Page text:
The first long-term study on the relationship between fruit and vegetable consumption and smoking cessation offers good news: Eating more healthy produce can help smokers quit and remain tobacco-free longer.
Researchers from New York’s University of Buffalo School of Public Health and Health Professions surveyed 1,000 smokers of age 25 and older from around the country. In a 14-month follow-up, they were asked if they had abstained from tobacco use during the previous month. Those that consumed the most produce were three times more likely to have been tobacco-free for at least 30 days than those that ate the least amount of produce.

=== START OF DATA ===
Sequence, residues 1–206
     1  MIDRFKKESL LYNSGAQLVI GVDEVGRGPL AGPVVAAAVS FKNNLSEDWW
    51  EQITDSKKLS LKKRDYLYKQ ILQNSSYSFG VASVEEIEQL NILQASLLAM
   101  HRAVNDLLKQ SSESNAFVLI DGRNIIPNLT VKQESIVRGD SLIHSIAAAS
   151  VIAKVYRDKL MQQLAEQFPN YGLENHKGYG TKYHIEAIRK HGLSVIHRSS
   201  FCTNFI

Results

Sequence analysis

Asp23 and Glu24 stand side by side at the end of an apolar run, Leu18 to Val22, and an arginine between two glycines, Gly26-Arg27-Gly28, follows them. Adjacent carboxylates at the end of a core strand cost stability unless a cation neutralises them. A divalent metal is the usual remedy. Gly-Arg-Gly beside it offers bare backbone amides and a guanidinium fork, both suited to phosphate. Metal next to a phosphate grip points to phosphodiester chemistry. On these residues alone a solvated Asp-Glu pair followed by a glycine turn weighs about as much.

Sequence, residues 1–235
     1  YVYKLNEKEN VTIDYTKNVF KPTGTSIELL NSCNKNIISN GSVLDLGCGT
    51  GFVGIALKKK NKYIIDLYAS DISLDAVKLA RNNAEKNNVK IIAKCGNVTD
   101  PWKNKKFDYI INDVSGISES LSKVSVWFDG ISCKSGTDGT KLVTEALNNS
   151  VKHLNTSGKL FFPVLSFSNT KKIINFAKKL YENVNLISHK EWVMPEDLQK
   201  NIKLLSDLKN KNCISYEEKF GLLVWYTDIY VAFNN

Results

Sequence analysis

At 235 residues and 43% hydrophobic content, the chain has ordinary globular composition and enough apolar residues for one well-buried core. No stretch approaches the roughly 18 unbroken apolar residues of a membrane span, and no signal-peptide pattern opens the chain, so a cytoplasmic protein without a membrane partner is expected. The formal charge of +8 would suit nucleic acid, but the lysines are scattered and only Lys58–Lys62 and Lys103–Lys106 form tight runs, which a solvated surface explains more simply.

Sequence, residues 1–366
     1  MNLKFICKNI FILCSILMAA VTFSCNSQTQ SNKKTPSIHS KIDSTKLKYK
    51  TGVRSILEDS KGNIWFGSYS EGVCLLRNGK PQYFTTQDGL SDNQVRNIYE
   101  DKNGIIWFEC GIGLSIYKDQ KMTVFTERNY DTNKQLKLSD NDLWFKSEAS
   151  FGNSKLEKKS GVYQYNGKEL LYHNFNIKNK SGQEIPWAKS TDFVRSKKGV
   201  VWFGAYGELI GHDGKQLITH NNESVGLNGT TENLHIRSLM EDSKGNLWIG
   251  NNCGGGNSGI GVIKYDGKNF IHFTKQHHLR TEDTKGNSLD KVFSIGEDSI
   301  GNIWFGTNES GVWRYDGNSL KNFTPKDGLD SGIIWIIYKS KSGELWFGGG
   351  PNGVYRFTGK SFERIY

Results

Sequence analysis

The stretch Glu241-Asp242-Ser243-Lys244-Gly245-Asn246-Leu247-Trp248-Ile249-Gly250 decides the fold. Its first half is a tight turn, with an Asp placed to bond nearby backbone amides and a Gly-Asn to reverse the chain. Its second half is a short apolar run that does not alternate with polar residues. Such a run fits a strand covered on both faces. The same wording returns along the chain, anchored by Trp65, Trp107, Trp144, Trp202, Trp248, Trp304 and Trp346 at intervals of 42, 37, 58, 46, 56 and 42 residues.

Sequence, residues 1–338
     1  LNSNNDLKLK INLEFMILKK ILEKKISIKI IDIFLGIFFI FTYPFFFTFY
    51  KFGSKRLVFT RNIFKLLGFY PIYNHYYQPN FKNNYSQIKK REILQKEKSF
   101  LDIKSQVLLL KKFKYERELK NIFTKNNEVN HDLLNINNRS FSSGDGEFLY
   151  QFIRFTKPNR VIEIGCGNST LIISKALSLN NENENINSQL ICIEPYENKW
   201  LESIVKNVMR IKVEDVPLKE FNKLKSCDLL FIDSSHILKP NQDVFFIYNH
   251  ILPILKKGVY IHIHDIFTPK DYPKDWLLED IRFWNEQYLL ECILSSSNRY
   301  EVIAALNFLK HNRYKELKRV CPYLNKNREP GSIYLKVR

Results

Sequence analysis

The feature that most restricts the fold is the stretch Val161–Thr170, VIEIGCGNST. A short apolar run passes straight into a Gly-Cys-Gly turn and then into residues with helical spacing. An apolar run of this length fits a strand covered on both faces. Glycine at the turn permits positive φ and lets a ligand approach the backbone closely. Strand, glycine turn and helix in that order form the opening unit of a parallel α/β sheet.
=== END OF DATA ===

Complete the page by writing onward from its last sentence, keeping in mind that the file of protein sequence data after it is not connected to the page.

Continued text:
Smokers with greater fruit and vegetable consumption also smoked fewer cigarettes per day, waited longer to smoke their first one and scored lower on a common test of nicotine dependence. The findings, published online in the Nicotine and Tobacco Research journal, remained consistent even when adjusted for age, gender, race/ethnicity, education and household income.